Meatballs & the art of cooking in bulk

I have a friend (who’s from Somalia), and I realised that she would always leave a bit of food on her plate during meals. And being someone who tends to finish everything on her plate, I had to ask why. It turns out that in her culture, it’s considered polite to leave a small amount of food on a plate after a meal, especially if it’s a dinner hosted by family or friends. The reasoning behind this is that leaving a small amount means that the host has provided enough food for the evening – finishing everything on your plate means that the quantity of food has been insufficient. Very different from our Chinese culture where your aunty/grandma will get highly upset if you leave anything on your plate…. Then again, if you DO finish your food, more often than not you’ll find more food “magically” appearing on your plate.

I cook in bulk amounts on a regular basis. And when I say bulk, I mean bulk. There are only 2 of us at home, but I tend to cook for 4 on a regular basis. The main reason is that I have no ability to estimate quantities, and being a typical Chinese person, I tend to overcook rather than undercook. It’s not necessarily a bad thing though, as it means I have leftovers for the days when I’m too tired to cook dinner after a long day of work. Also, some food like stews taste much better after a day in the fridge!

Cooking in bulk is something I always do when it comes to meatballs. I tend to buy 1 kg of meat (sometimes I use a mixture of pork/turkey/beef), and make a shedload of meatballs so I have an emergency stash in the freezer. Believe me when I say it comes in handy after a long tiring day at work!

On this occasion, I served my meatballs in a tomato sauce, with some brown rice and rocket leaves. Speaking of which, I need to speak of this brown basmati, red camargue and wild rice mixture that I get from Waitrose. It’s a brilliant mix of grains – the nuttiness of the various types of rice work very well together, and give the perfect amount of “bite”. At ยฃ2 for a 500g bag, it doesn’t come cheap, but I allow myself the indulgence every now and again. (I tell myself it’s healthy and therefore it’s okay you see).

Meatballs in tomato sauce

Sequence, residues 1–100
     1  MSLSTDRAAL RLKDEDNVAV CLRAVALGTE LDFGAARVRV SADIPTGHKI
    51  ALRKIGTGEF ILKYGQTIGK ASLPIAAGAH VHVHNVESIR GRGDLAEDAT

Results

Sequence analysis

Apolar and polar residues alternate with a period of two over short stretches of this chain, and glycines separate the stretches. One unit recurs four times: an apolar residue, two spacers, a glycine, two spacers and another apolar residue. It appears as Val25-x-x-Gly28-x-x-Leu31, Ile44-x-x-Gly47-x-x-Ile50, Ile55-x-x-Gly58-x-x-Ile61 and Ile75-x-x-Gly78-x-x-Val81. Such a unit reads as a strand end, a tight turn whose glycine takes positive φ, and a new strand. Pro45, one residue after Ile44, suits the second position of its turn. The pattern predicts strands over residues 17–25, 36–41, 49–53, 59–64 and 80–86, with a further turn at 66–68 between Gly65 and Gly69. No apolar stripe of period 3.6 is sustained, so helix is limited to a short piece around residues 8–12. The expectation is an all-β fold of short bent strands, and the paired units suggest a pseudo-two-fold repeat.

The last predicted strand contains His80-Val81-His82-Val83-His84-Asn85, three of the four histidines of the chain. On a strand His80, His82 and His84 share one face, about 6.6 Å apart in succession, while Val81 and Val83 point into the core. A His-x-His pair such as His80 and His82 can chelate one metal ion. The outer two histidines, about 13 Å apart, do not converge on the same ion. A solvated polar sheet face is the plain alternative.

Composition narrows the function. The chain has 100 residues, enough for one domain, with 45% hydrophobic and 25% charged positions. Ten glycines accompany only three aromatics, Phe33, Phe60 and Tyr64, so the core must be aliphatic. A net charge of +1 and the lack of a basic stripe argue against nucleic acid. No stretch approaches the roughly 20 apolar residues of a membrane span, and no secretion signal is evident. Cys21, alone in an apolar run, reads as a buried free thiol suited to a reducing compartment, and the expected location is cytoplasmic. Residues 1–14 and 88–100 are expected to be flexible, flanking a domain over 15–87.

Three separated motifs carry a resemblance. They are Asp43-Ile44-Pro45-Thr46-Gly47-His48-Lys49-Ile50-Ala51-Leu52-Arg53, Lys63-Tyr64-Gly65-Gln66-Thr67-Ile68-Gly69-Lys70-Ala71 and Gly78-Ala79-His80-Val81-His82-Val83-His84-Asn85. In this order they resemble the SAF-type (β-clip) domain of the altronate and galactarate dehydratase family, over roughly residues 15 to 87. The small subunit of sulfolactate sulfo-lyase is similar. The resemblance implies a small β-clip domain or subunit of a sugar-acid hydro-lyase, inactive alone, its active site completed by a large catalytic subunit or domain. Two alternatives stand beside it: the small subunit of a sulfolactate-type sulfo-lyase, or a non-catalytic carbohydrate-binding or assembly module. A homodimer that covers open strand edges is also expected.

For the meatballs:

  • 500g pork mince
  • 500g turkey mince
  • 1 cup breadcrumbs
  • 4 cloves garlic
  • 2 tablespoons Worcestershire sauce
  • 2 sprigs thyme
  • 2 sprigs rosemary
  • pepper & salt, to taste (I usually use about 1 teaspoon’s worth of each)

1. Whizz the garlic, thyme and rosemary in a food processor (or in my case, a mini food processor). Alternatively, chop finely with a knife.
2. Put the pork and turkey mince in a large mixing bowl, and add the garlic & herb mixture, breadcrumbs, Worcestershire sauce, and pepper. Use hands (or a spoon) to combine the ingredients. It should form a mushy, sticky mixture.
3. Form mixture into 2-3cm balls, depending on how large you like your meatballs.
4. Preheat the oven to 180ยฐC.
5. Whilst waiting for the oven, heat a pan over medium high heat, and brown the meatballs. This should not take more than 2 minutes per meatball.
6. Bake meatballs for 15-20 minutes in the oven, until cooked. (I play a guessing game when it comes to this, but 20 minutes is usually more than enough for my meatballs)

Note: You can freeze the meatballs after step 3, which is handy to have for a quick weekday dinner. (I tend to do this as 1kg of meat does make a significant amount of meatballs!) A good tip is to arrange the meatballs nicely on a tray before freezing them, as it means you get to have individually frozen meatballs (rather than a “clump” that becomes tricky to seperate once it’s frozen). I hope I’m making some sense here!

For the tomato sauce:

  • 1 can chopped tomatoes (I use chopped tomatoes with garlic and olive oil – any brand will do)
  • 1 tablespoon chilli flakes
  • 1 tablespoon Worcestershire sauce
  • 1/2 tablespoon brown sugar

1. Mix all the ingredients in a pan over medium heat. Bring to the boil.
2. Once the sauce starts to boil, add the cooked meatballs to the tomato sauce, and stir to coat the meatballs.
3. Serve the meatball/tomato sauce mix with brown rice & some rocket. Or you could serve it with pasta. Or some freshly baked bread. Anything goes really!

43 thoughts on “Meatballs & the art of cooking in bulk”

  1. Wow – I never thought of it that way! I love finding out things like that =)

    I also always cook for 4 even though it’s just us 2 – that way there’s enough for 2 nights. Plus I love that brown rice mix from Waitrose – but B can’t stand it, so I only make it when B ain’t home =)

    1. At least you still get to eat it, which is good. ๐Ÿ™‚ I’m glad to know I’m not that only one who cooks to get leftovers!

  2. I totally agree, I always try and make extra so that the boy and I can either bring it for lunch or keep it for the next days dinner, its not only time-saving but good for the environment. I am disgusted when I hear people say they never eat leftovers… very shocking really… love your meatballs too!